E3 2012: Sony’s Forgotten Technologies

Sony has developed a reputation of being both the pioneers and engineers of future technology. Unfortunately, for every great invention produced, they leave another behind. This has been especially true during the past few years. Sony has too many recent products that need a renewal, some younger than you’d expect. This E3, Sony is given another chance to please the early adopters of these forgotten technologies. The most obvious of the bunch being…

The Playstation Move

Motion controls have always left me more than sleptical. In retrospect, it is fairly easy to see why. The Wii turned into a casual mini-game hoarder. The Kinect lacked reliable input methods, resulting in over-simplified experiences. The Playstation Move was the only one that gleamed with potential. Compatible with both Killzone 3 and Resistance 3, no one could possibly argue against its value to the core gamer -that is open to the concept of motion controls, of course. Even so, one fatal problem arose with the Playstation Move; lack of support.

In fact, the Playstation Move lacks both third-party and first-party support. A handful of core gamers still see the true potential of the peripheral while Sony has practically given up on it. There are almost no quality exclusive titles, and the best experiences are not even exclusive to Sony’s motion controller. Additionally, the Playstation Move isn’t even given proper marketing any more. According to Sony, 2012 will be the year that the Move controller is “relaunched“, hosting a handful of currently unannounced core games. If this is true, Sony can please quite a number of people. After all, one of every six Playstation gamers have purchased the Move.

3D Gaming

Think that 3D television sales were a dud? Think again. Sony claims that 20% of all Killzone 3 demos were downloaded in 3D. The importance of 3D technology in the video game industry is undermined, and rather justifiably. While it is true that 3D technology hasn’t truly altered the experience the way it has in the film industry, 3D gaming is important for another reason. 3D games give 3D television owners more content to chew on. As an owner of multiple 3D televisions, I can honestly say that I don’t use the feature as much as I’d like to. Considering that Sony is a notable contender in the television market, it would be in their best interest to have some continued focus on 3D content at this year’s E3.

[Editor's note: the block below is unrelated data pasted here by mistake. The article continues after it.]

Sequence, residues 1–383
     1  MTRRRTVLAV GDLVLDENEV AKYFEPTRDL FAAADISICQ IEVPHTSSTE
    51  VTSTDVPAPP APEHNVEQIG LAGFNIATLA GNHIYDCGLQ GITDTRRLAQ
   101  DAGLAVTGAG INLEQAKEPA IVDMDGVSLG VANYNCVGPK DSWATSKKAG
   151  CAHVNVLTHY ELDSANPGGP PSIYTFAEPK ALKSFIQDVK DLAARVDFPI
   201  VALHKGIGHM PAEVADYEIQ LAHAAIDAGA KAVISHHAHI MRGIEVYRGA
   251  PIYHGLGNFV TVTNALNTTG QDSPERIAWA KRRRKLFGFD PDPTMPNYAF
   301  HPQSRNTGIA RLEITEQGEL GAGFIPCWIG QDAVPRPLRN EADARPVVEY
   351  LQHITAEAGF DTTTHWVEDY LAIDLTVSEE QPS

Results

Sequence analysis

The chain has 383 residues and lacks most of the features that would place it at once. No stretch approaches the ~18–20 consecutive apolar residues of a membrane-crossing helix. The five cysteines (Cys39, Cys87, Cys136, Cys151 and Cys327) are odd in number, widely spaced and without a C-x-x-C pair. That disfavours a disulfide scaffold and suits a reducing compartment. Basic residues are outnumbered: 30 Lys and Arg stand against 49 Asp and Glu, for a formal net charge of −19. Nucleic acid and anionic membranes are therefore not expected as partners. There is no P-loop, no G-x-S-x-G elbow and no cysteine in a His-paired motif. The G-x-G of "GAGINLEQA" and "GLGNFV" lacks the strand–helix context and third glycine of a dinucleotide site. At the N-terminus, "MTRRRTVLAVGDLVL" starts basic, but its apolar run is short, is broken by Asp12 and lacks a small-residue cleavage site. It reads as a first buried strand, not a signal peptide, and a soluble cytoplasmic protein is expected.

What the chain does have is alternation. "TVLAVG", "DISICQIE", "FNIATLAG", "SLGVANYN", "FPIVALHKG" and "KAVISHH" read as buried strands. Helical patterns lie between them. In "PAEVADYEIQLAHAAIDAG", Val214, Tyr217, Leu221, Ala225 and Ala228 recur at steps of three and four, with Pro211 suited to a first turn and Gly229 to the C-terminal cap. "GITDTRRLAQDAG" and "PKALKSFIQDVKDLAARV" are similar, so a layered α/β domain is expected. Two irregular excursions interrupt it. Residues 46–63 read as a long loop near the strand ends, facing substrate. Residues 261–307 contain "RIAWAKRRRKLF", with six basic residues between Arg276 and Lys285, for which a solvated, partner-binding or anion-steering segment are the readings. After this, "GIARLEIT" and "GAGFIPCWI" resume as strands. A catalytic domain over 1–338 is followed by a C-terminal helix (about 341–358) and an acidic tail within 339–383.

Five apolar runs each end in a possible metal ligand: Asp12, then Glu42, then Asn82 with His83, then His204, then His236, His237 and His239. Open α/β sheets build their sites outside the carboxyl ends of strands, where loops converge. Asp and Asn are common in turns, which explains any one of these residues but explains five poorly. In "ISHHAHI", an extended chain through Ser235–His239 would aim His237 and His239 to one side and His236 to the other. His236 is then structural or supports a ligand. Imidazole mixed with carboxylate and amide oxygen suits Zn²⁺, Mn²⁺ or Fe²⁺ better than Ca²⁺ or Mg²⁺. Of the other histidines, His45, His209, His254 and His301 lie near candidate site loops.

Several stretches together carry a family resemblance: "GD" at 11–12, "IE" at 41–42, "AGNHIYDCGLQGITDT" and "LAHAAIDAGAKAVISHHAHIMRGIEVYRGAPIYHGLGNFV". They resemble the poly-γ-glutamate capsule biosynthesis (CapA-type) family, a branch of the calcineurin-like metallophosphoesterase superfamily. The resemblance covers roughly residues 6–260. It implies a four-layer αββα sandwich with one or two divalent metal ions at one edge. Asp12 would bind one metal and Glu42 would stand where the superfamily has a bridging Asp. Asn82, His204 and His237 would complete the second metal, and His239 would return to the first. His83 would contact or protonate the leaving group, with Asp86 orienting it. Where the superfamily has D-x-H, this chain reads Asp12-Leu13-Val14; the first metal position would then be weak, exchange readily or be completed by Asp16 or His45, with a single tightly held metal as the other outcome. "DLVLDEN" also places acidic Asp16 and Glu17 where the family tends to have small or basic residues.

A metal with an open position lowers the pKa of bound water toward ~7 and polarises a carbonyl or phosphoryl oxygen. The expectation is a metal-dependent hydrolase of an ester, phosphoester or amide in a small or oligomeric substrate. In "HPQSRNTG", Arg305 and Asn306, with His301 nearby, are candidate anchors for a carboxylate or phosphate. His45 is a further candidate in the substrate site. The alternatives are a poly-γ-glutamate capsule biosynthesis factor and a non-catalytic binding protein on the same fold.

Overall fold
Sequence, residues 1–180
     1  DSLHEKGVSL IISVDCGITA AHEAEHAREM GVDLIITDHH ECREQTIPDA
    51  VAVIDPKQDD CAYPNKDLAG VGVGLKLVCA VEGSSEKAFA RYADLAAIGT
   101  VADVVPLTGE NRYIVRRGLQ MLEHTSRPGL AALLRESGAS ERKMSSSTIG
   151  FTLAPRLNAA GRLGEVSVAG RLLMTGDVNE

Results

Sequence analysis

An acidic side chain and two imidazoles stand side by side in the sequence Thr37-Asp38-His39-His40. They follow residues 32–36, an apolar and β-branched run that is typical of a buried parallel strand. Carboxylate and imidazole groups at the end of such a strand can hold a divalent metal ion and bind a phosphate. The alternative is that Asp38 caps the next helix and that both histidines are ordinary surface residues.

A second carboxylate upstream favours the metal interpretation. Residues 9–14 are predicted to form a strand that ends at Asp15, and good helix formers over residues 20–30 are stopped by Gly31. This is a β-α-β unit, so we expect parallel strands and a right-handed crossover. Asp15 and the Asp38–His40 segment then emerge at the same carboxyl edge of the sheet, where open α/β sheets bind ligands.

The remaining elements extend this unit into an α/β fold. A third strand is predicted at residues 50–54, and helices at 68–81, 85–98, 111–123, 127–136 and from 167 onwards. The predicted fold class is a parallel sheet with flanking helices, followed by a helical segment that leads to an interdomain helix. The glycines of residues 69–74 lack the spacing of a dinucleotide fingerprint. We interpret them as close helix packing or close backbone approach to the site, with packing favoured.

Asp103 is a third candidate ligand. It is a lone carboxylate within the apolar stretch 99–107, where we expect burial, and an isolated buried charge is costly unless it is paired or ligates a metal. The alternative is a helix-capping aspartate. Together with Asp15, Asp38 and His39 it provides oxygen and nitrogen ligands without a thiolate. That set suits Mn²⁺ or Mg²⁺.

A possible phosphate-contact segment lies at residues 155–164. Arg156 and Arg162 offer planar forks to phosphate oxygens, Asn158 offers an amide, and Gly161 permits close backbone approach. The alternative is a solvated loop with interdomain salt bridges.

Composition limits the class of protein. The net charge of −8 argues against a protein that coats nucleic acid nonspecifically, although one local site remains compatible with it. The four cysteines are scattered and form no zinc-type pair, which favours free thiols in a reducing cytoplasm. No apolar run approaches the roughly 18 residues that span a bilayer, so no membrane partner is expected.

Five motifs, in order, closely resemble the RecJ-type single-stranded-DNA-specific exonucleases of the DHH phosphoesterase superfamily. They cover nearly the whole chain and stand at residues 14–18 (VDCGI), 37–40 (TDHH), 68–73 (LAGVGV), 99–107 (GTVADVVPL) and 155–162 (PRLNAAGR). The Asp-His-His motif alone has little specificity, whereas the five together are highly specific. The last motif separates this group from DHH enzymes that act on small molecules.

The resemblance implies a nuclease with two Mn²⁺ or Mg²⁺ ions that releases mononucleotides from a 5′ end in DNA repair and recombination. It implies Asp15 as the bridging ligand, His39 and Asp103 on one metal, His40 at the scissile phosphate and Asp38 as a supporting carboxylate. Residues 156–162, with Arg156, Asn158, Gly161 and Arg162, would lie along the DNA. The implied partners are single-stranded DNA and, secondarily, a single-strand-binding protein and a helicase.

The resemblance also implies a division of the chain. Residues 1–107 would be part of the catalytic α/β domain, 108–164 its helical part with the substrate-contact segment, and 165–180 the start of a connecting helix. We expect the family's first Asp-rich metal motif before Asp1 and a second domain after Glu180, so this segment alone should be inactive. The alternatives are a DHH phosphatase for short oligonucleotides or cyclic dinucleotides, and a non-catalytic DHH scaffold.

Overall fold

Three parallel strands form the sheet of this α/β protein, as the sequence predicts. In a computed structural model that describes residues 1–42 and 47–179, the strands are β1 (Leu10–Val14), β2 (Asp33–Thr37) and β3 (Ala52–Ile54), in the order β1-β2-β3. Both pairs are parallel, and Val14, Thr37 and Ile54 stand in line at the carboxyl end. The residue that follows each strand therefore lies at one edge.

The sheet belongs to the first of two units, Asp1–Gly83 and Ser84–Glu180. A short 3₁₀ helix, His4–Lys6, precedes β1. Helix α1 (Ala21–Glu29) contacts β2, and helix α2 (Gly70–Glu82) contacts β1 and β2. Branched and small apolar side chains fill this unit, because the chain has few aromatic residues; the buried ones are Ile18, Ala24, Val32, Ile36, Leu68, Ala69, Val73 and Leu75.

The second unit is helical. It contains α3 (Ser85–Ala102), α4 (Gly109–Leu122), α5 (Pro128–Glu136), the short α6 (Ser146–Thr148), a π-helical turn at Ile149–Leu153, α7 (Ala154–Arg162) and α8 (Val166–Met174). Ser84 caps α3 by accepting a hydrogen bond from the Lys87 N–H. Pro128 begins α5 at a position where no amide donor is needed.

When Sony launched their Playstation Display, they had a real shot at changing the industry forever, as well as revitalizing the 3D market. This display allowed two players to game on the same screen (splitscreen), while gaving each of them their own view of the entire screen, via a pair of 3D glasses. For more clarification, check out Sony’s official page. This new technology is called SimulView, and some speculated that it could “end splitscreen gaming for good“. Half a year into its lifespan, gamers have about the same amount of compatible content as they did at launch. It’s an unfortunate fate for arguably the greatest innovation that this industry has seen in years.

Playstation Vita

Out of every “forgotten technology” listed, it is safe to assume that the Vita will not belong on this article in a matter of months. The truth is, most consoles go through a post-launch drought. During this time, there are very few titles to get excited about. The most recent example would be last-year’s pre-E3 period for the Nintendo 3DS. Well, pre-E3 season has come around once more, this time leaving Vita owners in the dark. Rumors suggest that E3 will mark the reveal of many notable handheld titles. As aforementioned, this is a safe assumption. The Vita is in the first few months of its lifespan, with many potentially positive years ahead. The 3DS proved that patience is the key for early hardware adopters, but as of right now, owning a Vita has not paid off.


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